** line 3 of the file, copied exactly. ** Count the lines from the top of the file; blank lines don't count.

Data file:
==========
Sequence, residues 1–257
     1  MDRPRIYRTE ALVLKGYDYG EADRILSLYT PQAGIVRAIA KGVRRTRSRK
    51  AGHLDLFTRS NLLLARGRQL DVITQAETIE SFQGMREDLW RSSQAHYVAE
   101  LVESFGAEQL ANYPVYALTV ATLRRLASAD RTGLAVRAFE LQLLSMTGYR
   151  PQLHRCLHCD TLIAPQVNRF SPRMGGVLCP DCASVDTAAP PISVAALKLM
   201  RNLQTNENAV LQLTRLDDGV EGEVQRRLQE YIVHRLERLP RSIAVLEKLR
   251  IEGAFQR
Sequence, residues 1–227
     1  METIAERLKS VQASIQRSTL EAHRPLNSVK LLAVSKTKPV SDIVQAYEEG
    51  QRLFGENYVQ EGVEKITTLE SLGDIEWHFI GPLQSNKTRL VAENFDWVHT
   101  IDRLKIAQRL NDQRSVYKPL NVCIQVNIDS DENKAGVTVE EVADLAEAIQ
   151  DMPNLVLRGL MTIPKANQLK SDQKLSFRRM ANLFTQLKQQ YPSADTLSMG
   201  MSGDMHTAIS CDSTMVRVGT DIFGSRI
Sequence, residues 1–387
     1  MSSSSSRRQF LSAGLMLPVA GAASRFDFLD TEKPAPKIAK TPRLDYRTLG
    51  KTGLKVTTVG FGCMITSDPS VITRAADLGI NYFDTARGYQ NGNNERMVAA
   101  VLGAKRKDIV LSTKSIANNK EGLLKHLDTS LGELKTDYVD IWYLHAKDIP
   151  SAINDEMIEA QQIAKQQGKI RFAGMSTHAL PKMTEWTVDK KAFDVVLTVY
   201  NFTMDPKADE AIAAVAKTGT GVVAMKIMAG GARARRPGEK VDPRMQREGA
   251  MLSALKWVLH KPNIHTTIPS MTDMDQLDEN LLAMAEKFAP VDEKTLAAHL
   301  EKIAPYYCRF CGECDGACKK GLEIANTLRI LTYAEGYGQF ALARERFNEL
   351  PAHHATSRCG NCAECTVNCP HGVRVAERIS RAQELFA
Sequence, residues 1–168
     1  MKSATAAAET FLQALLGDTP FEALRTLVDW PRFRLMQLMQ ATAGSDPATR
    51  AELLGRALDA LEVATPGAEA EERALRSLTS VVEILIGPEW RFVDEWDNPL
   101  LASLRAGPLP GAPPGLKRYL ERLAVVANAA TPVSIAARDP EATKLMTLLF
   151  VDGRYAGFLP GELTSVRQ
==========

    51  AGHLDLFTRS NLLLARGRQL DVITQAETIE SFQGMREDLW RSSQAHYVAE